A fixture resembling two tall thick candles with the lamp set in place of the flame, has much to recommend it. Tall floor lamps at the left of easy chairs may be used in any part of a room since, if baseboard outlets are numerous, the small necessary wires may run into the centre of the room along the floor, a careful adjustment of rugs hiding them from view. This arrangement will facilitate any desired change in the position of the furniture on which the placing of lamps depends.
Lamp shades are an art in themselves, and may be of many attractive shapes and sizes, and of any color that the room suggests. It might be remembered, however, that light filtered through certain colors is unsatisfactory—through blue, it is cold, through blue or purple, highly absorbed. For a shade which entirely encloses the light, yellow or orange is the most expedient.
A tall, portable lamp furnished with a purple umbrella-shaped shade decorated with clusters of grapes makes a glorious spot of color in a room where silver and blue, olive, bronze, yellow, and purple, are superbly blended.
At the head of the divan there may be a small table upon which is placed a portable lamp with a flexible arm for reading, so arranged that it throws its light onto the book of the one who reads beneath it. The lamp is fitted with a silk diffusing shade of soft, yellow, and in the daylight the lamp, though simple, is an addition to the room rather than an eyesore.
Beside the table at the farther end of
the room there may be another, portable lamp placed in such a relation to the first two that no objectionable pools of light are formed, but instead, a blended mellow illumination is sent forth.
Dining Room Effects
IF THE dining room is for two, the conventional dome which now after a period of exile seems to be returning to favor, will shed enough light over a small table and may be supplemented by side-wall brackets on either side of the buffet. Electric candelabra on the table are effective and pleasing, and if used the dome may be dispensed with and the side-wall brackets made more numerous.
One delightful dining room in a country home was made even more delightful by its unique method of illumination. The walls were of a sky blue, the windows, curtained in soft orange, held along their sills flower-boxes, from which English ivy trailed abundantly along the woodwork. Over the quaint round table swung a basket of hanging vines, from inside which, by means of a silver mirrored reflector, the light was directed to the ceiling and thence softly back into the room. Electric candelabra on the buffet with round shades of orange completed the color effect.
No room has as many uses as a bedroom, since at one time or another it combines those of nearly every other room in the house. The lighting facilities, therefore, should be abundant enough to satisfy all its needs. There should be a portable lamp on the table beside the bed and a reading lamp beside the easychair and with the addition of one or two side-wall fixtures there will be no actual need for a central light which, while it has a general use, cannot supply any one of the individual needs of light throughout the room. The adjoining bath-room should be supplied with two lights, one on either side of the mirror and of course should be placed so that no shadows will fall on the window shade.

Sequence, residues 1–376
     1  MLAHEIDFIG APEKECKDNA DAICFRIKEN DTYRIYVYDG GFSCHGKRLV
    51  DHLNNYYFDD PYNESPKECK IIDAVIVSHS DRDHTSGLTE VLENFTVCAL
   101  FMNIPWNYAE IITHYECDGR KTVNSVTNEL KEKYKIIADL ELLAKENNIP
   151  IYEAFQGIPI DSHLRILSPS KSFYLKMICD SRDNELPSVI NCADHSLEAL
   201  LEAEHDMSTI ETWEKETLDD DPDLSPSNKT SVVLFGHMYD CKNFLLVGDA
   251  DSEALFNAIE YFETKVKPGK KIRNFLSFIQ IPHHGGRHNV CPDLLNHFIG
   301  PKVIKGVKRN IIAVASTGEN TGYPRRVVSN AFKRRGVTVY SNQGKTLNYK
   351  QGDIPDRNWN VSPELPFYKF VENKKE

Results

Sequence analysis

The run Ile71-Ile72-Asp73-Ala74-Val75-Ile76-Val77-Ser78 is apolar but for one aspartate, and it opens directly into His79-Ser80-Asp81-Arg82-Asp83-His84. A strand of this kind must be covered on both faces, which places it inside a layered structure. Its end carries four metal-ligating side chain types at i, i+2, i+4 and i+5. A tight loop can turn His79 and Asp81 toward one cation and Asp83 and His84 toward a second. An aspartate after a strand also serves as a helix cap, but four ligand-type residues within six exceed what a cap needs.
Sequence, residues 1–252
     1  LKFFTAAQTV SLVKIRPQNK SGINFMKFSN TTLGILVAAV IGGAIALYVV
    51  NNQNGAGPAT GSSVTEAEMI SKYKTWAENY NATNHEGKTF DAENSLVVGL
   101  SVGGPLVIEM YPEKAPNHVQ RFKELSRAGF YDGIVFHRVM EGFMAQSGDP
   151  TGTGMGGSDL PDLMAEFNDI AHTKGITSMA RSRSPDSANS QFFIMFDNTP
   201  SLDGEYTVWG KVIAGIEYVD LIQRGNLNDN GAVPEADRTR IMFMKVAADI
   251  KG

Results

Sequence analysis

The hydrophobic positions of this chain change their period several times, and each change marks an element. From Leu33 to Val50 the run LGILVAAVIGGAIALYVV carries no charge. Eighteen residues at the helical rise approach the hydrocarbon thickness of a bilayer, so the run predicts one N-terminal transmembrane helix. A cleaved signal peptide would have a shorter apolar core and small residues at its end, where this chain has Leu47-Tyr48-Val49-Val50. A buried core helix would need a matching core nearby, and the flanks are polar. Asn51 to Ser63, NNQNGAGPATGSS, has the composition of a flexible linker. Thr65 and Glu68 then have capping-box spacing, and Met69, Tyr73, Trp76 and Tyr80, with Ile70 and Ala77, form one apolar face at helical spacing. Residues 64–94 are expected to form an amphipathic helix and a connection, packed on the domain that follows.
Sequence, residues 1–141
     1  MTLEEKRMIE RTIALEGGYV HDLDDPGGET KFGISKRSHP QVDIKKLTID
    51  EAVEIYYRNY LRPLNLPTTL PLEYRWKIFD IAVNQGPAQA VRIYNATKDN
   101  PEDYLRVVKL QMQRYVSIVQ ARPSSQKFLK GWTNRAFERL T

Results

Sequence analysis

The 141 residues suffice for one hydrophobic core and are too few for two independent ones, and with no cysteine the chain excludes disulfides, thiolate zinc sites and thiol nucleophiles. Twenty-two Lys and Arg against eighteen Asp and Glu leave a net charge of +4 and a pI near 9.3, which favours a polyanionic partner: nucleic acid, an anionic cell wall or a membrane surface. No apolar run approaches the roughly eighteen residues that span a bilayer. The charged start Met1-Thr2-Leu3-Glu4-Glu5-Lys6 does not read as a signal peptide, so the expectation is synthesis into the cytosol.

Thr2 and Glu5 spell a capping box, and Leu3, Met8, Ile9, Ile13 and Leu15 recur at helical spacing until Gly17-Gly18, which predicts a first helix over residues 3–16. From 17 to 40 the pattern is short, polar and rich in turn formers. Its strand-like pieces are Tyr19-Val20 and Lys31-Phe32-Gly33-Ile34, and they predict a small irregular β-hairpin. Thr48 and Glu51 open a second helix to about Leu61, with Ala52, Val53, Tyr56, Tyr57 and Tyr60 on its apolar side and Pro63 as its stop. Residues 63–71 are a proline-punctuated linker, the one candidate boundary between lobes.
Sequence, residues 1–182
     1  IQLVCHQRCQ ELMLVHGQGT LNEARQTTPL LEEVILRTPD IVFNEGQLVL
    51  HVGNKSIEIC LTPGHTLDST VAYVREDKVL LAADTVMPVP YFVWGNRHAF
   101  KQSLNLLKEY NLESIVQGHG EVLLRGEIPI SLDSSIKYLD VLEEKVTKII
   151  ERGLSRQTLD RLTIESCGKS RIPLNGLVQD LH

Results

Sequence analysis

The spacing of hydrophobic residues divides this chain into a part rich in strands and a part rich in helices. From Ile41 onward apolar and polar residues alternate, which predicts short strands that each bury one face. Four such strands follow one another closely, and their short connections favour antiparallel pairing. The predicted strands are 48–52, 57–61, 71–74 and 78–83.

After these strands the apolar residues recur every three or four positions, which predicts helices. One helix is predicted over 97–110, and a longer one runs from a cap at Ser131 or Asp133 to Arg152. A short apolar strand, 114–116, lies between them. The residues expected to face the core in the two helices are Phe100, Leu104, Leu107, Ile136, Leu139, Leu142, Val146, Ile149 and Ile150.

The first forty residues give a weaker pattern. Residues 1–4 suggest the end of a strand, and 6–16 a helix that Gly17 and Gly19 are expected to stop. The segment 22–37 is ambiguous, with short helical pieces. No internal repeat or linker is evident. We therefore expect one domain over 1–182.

Consider the Kitchen
THE kitchen lighting is often worse than any other. The combination gas and electric stem luminaire places the lamp so low that it usually casts the shadow of the worker on the work and what direct light there is is thrown in the middle of the room rather than on the stove or over the sink. If more satisfactory lighting is required, this light arrangement should be replaced by a luminaire that carries the light closer to the ceiling. Then furnish it with a glass reflector that will throw the light further around the room. If that is not sufficient, the ceiling light will have to be aided with wall brackets in the darker corners.
When the ceiling is painted with a light colored paint a semi-indirect system of lighting is effective.
While rearranging the lighting system of the kitchen it is advisable and important that outlets for the iron, percolater or fan be provided.
Attractive lighting throughout the house does not necessarily mean expensive lighting, but if extra portable lamps increase the electricity bills to a slight degree, at least there are enormous returns in convenience and in beautiful effects.
Soft mellow illumination which, like the touch of Midas, turns to gold everything it falls upon, conceals, rather than reveals, defects to such an extent that, there is a new interest and a new atmosphere created even in any room whose familiar furnishings may never before have seemed appealing.
If a house has been wired with the facilities for numerous accessories, any desired atmosphere depending upon lighting effects is within reach. Artistic lighting is as important in a home as artistic furnishings, since it is the fairy godmother which modifies and softens beyond recognition unpleasant surroundings and raises to the r?.th power the possibilities of an already beautiful room.
In the re-vamping or building anew, let the ambition be to have a house that others will enjoy and that the occupants themselves will love. If it is made different and interesting from every angle in a quiet, artistic and tasteful way a satisfactory result will be assured.